Rabbits are physiologically adapted to a high-fibre diet. inadequate dietary fibre may lead to digestive disorders during the post-weaning period and an increased mortality rate. Research has shown that a specific balance of fermentable and non-fermentable dietary fibre can solve the problem.
By Arthur Kroismayr and Stacey Roberts
Paying special attention to the fibre composition of rabbit diets is paramount to successful rabbit production. Lignin plays a vital role in the prevention of digestive disorders and the lignin:cellulose ratio should ideally be greater than 0.4 with a lignin intake of 5 to 7 g/d for growing rabbits (Gidenne, 2003). Replacing high starch ingredients with fermentable and non-fermentable dietary fibre derived from Lignocellulose will decrease digestive upsets by regulating fermentation. However, fermentable fibre should not be added at the expense of non-fermentable fibre, maintaining a fermentable: non-fermentable ratio less than 1.3 with at least 15% lignin + cellulose. Therefore, ingredients should be chosen that can reliably provide non-fermentable as well as fermentable fibre sources.
High lignin content
Lignocellulose is a product made from fresh wood and has been used as a high-quality fibre source in animal nutrition for the past few years.
Compared to traditional fibre sources, lignocellulose is characterised by high crude fibre (>55%) and high lignin (25−30%) contents. The high lignin content of lignocellulose makes it a suitable ingredient for rabbit diets. Recently, a new eubiotic lignocellulose product has become commercially available. In contrast to the first generation lignocellulose products that contain nearly 100% non-fermentable fibre (lignin, cellulose, and non-fermentable hemicellulose), eubiotic lignocellulose originally contains a synergistic blend of non-fermentable and fermentable fibre.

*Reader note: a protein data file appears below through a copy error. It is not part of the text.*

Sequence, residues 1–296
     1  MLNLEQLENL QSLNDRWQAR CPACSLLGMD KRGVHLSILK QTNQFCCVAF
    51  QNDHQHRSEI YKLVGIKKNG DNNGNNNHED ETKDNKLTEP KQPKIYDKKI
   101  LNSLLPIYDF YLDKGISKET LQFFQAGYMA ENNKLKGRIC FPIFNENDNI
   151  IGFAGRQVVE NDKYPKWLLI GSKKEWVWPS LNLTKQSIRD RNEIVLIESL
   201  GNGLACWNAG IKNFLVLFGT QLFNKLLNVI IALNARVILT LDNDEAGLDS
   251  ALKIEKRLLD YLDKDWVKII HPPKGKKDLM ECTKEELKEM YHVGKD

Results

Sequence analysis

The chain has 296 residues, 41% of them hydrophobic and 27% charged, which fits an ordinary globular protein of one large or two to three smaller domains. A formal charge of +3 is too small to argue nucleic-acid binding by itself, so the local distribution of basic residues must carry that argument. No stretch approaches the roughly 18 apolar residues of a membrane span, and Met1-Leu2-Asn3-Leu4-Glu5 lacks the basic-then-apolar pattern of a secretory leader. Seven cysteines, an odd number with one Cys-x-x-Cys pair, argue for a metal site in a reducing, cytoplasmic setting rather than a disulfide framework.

In addition to the physical effects of the non-fermentable fibre, the fermentable fibre fraction of eubiotic lignocellulose provides a growth medium for lactic-acid bacteria and stabilises the microbial populations of the intestine. Feeding recommendations indicate that rabbits need both fermentable and non-fermentable fibre for optimal digestive health and growth performance.
Therefore, feeding trials were conducted to determine the efficacy of eubiotic lignocellulose as a fibre source in rabbit diets.
Research with Eubiotic Lignocellulose
Three feeding trials were conducted by the University of Veterinary Medicine Vienna and the University of Berlin (Freie Universität Berlin) to investigate the dietetic influence of a eubiotic lignocellulose for rabbits.
There were 80 New Zealand White rabbits (40 per group) used in Trial 1 and 40 New Zealand White rabbits (20 per group) used in Trial 2. In each trial, one group was fed a standard rabbit diet (control) formulated with alfalfa meal, wheat bran, sunflower meal, and linseed meal included as fibre sources. The diet for the treatment group included 4% eubiotic lignocellulose (OptiCell®, agromed Austria), partially replacing alfalfa meal and sunflower meal. The control diet contained 15.2% crude fibre and 3.8% lignin while the treatment diet contained 14.1% crude fibre and 4.3% lignin. Animals were assigned to either the control or treatment group at weaning (28-d of age); Trial 1 continued for 14 d and Trial 2 continued for 21 d.